Rice: Hamas to blame for Gaza conditions

Secretary of state says US has worked diligently with Israelis, pledges $550 million for Palestinians.

By
December 16, 2007 23:32
2 minute read.
Rice: Hamas to blame for Gaza conditions

rice 224.88. (photo credit: AP)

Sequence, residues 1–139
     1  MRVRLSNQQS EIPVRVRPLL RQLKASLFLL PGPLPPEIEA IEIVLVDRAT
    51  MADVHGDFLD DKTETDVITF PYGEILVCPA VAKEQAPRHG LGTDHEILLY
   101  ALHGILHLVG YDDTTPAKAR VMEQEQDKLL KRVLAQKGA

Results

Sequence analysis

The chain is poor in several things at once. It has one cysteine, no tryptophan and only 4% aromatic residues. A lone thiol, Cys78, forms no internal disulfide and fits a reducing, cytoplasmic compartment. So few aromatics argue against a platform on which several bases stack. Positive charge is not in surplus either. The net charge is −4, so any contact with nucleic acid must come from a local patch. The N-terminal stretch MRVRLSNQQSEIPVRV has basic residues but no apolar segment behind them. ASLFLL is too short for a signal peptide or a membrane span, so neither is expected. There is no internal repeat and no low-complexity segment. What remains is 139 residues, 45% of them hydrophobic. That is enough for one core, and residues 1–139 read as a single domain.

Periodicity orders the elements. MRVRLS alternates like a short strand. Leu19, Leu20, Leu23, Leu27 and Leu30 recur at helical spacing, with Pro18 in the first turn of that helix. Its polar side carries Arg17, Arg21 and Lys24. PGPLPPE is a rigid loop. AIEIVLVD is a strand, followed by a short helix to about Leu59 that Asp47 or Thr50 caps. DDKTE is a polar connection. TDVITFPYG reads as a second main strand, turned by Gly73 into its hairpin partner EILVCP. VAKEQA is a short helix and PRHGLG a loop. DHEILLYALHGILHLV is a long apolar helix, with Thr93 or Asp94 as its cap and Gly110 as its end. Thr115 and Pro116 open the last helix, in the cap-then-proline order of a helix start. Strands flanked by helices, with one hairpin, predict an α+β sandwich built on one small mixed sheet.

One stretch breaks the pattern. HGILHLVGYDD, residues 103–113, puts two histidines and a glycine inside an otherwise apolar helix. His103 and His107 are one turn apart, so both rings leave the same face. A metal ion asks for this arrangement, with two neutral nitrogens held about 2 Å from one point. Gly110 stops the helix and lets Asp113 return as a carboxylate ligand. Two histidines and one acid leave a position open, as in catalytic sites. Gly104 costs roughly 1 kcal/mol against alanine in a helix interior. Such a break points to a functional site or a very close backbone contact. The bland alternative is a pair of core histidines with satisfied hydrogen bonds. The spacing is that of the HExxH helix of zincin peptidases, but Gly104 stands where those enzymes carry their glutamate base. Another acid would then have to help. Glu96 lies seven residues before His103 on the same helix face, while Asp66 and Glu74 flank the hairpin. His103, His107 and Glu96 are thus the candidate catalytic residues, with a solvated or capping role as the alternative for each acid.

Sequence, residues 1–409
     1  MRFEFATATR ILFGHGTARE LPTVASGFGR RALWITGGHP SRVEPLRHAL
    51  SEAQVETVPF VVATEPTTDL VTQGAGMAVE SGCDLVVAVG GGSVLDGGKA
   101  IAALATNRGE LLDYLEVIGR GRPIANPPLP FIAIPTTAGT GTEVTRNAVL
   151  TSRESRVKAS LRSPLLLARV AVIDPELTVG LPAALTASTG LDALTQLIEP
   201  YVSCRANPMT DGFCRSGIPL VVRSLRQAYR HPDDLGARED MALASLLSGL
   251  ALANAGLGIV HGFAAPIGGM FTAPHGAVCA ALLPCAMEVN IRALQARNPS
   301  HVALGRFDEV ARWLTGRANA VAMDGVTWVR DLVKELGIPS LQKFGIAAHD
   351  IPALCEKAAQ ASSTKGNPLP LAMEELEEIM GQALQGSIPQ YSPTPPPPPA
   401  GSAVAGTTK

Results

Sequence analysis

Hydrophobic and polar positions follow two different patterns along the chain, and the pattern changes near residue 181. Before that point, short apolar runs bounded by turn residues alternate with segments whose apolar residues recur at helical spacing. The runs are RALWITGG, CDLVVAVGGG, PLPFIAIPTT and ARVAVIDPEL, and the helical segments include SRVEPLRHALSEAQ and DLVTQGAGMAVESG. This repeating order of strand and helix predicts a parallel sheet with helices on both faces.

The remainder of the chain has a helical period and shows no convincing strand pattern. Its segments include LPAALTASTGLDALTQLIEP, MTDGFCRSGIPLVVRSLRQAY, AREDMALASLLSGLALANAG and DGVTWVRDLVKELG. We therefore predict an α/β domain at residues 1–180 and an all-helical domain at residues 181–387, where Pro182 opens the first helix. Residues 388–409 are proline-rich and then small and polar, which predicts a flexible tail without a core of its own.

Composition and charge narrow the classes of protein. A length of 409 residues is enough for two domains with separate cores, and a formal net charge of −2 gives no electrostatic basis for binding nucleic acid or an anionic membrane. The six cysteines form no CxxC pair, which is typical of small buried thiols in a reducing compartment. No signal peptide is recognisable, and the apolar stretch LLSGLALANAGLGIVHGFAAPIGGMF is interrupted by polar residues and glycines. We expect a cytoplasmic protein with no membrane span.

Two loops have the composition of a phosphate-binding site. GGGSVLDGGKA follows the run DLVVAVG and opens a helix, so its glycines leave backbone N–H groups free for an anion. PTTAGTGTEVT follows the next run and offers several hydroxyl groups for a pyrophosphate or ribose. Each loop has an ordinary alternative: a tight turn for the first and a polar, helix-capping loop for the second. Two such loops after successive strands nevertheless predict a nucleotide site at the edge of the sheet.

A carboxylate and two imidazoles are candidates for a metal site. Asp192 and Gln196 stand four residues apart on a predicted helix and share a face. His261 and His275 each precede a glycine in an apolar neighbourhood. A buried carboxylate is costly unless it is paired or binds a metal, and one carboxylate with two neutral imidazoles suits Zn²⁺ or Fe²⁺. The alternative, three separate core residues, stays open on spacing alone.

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US Secretary of State Condoleezza Rice said Sunday militant Palestinians, not Israel, are to blame for deteriorating conditions in the sealed-off Gaza Strip, as the United States announced it intends to donate about $550 million to the impoverished Palestinians this year. The US pledge would include $150 million in direct aid to the Palestinian government in the West Bank that, despite a history of corruption, is the US hope for new peace talks with Israel that US President George W. Bush launched last month in Annapolis, Maryland. There is nothing for the rival Hamas leadership in Gaza, although US officials are quick to say that food and medical aid is up. The pledge was announced as Rice traveled to Paris for an international donors conference for the Palestinians on Monday. US pledges of humanitarian relief for Gaza's 1.5 million people may be hollow unless Israel and Egypt ease border restrictions that are preventing some medical supplies and all but basic food and no-frills goods from getting in. Relief workers say some aid promised this year was blocked. "The responsibility for what is happening in Gaza should be put directly on the shoulders of Hamas," Rice said as she flew to Paris. Her remarks suggested that she will not pressure ally Israel to ease off, despite Gaza's plunge into deeper poverty. "It is the policies of Hamas that have led to its own isolation and by implication the Gaza as well," Rice said. Hamas seized control of the seaside territory in June, handing an embarrassing defeat to forces loyal to the US-backed Palestinian Authority president, Mahmoud Abbas. The US, Israel and the European Union regard Hamas as a terror group and refuse to deal with it. Israel's six-month blockade of the strip, which it says is necessary for security reasons, has wiped out tens of thousands of jobs. Three-quarters of Gazans now live in poverty. "There have been efforts to make certain that humanitarian assistance is getting through," Rice said. "We have worked very diligently with the Israelis," and outside aid groups, she added. "Of course we're very concerned, but let's put the blame where it should be, and that's on Hamas." Rice cannot promise that she can deliver on the US aid pledge, which must be approved by the US Congress. The money includes about $400 million that the White House has already announced, but that has not yet been approved by Congress. The US pledge would go toward a goal of $5.6 billion that the appointed West Bank prime minister, Salaam Fayad, hopes to raise over three years.

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